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The Bitcoin market ended the week as it began – trying to sort out how far the Chinese central bank will go in its crackdown on the Chinese exchanges, and how that might affect Bitcoin prices everywhere else in the world.
Mainstream Chinese news outlet Caixin Online was the first to report last week that the People’s Bank of China (PBOC) was planning to force Chinese banks to close any accounts they have with Bitcoin exchanges by April 15.
None of the Chinese exchanges had heard from the PBOC, but a Wall Street Journal article on Tuesday confirmed the Caixin report. And on Wednesday two Chinese Bitcoin exchanges, OKCoin and FXBTC, said that some financial partners had informed them of intentions to terminate their accounts.
The prospect that the Chinese could be forced out of the Bitcoin market caused the CoinDesk Bitcoin Price Index to plunge from $585 last Wednesday to a low of $416 yesterday (Thursday).
Earlier today (Friday), the chief executive officer of the BTC China exchange, Bobby Lee, tried to dispel some of those fears in an open letter.
Lee made it clear he still isn’t sure what the PBOC has in mind and stressed that people were panicking more out of fear of the unknown than what the PBOC might actually do.
“We just don’t know what the outcome will be,” Lee told CoinDesk. “At this stage, it’s too early for me to speculate on the options we have. We just don’t know enough right now.”
In his open letter, Lee expressed willingness to “actively communicate with the regulatory authorities” to develop rules governing Bitcoin. He also noted that since the true value of Bitcoin comes from the fact that it is Internet-based, the short-term fluctuations in the Bitcoin markets should not affect the digital currency in the long run.
On Friday the Bitcoin market recovered somewhat, with prices hovering between $440 and $450 for most of the day. Depending on what the PBOC actually does, Bitcoin prices could suffer further drops in the days and weeks ahead.
In other corners of the Bitcoin world this week…
Congress Takes Another Look at the Bitcoin Market
The U.S. House of Representatives Committee on Small Business held a hearing on Wednesday to look at the pros and cons of Bitcoin for small businesses. It was latest of several hearings on the digital currency to take place in Congress, which for the most part seems more curious about Bitcoin than anything else.
Said Committee Chairman Sam Graves, R-MO: “We hope that by providing information about Bitcoin, small businesses will be in a better position to know whether adopting Bitcoin as a payment system might be a way for small businesses to gain more customers. This hearing will also inform [Congress] Members as we consider implications of policies affecting the use of virtual currency.”
Much of the hearing focused on the risk, as well as the advantages, of small businesses accepting Bitcoin. While not quite as significant as last weeks’ IRS announcement on the tax treatment of Bitcoin, it shows the digital currency remains on Washington’s radar.
Meanwhile, Robocoin has invited all members of Congress to a demonstration of its Bitcoin ATMs on Capitol Hill on Tuesday, April 8. No word yet on how many lawmakers plan to attend…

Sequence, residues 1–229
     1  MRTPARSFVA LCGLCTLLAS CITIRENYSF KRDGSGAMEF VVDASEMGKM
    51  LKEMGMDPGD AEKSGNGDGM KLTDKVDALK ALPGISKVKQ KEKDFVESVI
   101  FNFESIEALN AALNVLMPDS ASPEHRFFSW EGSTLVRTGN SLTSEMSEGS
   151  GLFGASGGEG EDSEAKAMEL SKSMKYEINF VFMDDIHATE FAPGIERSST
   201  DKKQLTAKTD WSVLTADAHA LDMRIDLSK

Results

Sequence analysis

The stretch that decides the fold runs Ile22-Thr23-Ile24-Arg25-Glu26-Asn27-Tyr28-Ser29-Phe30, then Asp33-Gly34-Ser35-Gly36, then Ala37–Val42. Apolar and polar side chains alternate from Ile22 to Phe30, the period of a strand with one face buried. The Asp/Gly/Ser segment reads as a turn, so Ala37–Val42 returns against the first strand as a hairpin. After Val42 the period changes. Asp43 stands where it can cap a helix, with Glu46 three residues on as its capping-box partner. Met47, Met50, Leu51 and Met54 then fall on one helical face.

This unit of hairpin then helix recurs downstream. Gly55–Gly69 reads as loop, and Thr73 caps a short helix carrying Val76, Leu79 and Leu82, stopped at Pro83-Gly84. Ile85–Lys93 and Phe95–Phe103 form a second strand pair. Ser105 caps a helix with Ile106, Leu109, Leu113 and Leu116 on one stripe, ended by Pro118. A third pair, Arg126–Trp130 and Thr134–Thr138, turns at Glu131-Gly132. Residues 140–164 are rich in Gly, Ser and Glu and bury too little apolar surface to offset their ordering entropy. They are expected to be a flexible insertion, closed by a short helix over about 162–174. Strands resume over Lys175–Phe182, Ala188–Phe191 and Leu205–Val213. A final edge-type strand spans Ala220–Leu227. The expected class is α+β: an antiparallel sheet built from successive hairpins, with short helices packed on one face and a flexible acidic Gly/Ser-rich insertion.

Quick Bitcoin Hits
- Bitcoin to $1 million? In an interview with The Wall Street Journal, Wences Casares, CEO of the Bitcoin wallet startup Xapo, said he believed Bitcoin prices could rise to as high as $1 million over the next decade.
- Mt. Gox story gets uglier: Over the weekend reports surfaced that officials of the bankrupt Mt. Gox Bitcoin exchange used money from customer accounts to pay for operating expenses. Those allegations came from several anonymous former Mt. Gox employees who spoke to Reuters. Mt. Gox announced in February that it had “lost” 750,000 customer bitcoins and filed for bankruptcy a few weeks later.
- More on Gox: U.S. Bankruptcy Judge Stacey Jernigan this week ordered CEO Mark Karpeles to appear at an April 17 hearing in Dallas to answer questions about the Mt. Gox bankruptcy. The Tokyo-based Bitcoin exchange filed for Chapter 15 bankruptcy in the U.S. last month, in part to protect itself from a class action suit that has been filed in Chicago.
- “Adapt or Die”: Economist David Andolfatto, a vice president at the Federal Reserve Bank of St. Louis, gave a talk on Monday on the “possibilities and pitfalls” of Bitcoin. While not without its flaws, Andolfatto predicted that digital currencies will ignite changes in current money and payment systems that will force “traditional institutions to adapt or die.”
Do you think the PBOC plans to ban Bitcoin outright, or is the Chinese central bank just fumbling for the right policy on digital currencies, much like other regulators around the world? Chime in on Twitter @moneymorning or Facebook using #bitcoinnews.
Investing in Bitcoin isn’t terribly easy right now, but for the daring there is one risky option – Bitcoin penny stocks. They could go broke… or make you rich…
The post The Bitcoin Market Continues to Be Rocked by China Uncertainty appeared first on Money Morning – Only the News You Can Profit From. The views expressed are not those of The Wall Street Examiner or its publisher.